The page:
Benefits of landfill improvements touted Less contamination, ballpark site may result, county officials suggest


A plan to improve the New Cut Road landfill could lead to less contamination and a new ballpark site, according to Bureau of Environmental Services officials.

The proposal -- aired at a public forum last month -- included adding protection for ground water and a new gas flare to burn off contaminants at the 40-acre landfill, said John O'Hara, chief of the bureau.

The ground water remediation system would add a layer of protection to "minimize the amount of rainfall that percolates and enters the waste," O'Hara said. "It would make the drainage more efficient."

The new gas flare -- which burns methane gas created adjacent to the landfill -- would replace the old one, which has been used at the site for 11 years.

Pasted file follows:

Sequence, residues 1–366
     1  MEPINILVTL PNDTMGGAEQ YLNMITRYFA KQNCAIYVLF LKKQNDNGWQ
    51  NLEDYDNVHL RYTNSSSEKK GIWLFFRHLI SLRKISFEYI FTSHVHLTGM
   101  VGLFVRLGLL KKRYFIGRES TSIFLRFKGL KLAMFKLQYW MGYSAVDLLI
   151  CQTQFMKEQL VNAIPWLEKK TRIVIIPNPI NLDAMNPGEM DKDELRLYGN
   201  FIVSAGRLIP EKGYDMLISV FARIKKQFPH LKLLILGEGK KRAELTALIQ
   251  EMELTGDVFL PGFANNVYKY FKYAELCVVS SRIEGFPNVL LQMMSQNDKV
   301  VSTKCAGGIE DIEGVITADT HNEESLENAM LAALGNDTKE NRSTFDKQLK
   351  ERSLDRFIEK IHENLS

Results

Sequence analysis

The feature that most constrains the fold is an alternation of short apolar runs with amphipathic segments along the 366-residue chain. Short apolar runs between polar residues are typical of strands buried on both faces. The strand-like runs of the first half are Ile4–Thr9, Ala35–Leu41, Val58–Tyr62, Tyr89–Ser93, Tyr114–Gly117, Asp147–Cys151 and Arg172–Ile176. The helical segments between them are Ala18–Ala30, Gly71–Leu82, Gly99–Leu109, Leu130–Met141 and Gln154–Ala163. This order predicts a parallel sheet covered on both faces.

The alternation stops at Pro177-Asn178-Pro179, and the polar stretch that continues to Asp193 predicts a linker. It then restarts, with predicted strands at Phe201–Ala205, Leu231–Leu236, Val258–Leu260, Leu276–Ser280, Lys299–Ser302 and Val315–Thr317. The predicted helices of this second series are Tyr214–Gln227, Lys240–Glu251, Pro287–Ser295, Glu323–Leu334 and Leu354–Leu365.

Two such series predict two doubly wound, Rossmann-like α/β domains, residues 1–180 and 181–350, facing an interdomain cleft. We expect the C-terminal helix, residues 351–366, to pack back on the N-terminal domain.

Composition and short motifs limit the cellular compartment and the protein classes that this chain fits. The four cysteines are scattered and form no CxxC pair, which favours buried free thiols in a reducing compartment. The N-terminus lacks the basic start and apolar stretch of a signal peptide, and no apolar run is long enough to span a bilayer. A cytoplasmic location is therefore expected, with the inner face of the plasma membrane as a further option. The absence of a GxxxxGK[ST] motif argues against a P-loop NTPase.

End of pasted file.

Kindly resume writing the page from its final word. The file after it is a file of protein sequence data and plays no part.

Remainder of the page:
"It's just ready to be replaced," said O'Hara.

Officials first discovered the area's ground water contamination in 1993 and have been working since then to come up with a remediation plan.

The remaining 40 acres surrounding the landfill site could be used as a ballpark.

About 20 neighbors came to the forum, most concerned about the contamination.

Sally Kupchock, who lives a half-mile from the site, said she and her 11-year-old son, Andrew, were particularly concerned because she depends on a well for their water.

"My son wanted to go [to the forum]," Kupchock said. "I was concerned that it was not safe."

But she said after looking at the plan, "it sounded like the landfill is fairly safe."

The landfill area is also the location of a proposed road that is supposed to help alleviate traffic problems on Worthington Way.

Pub Date: 8/20/98

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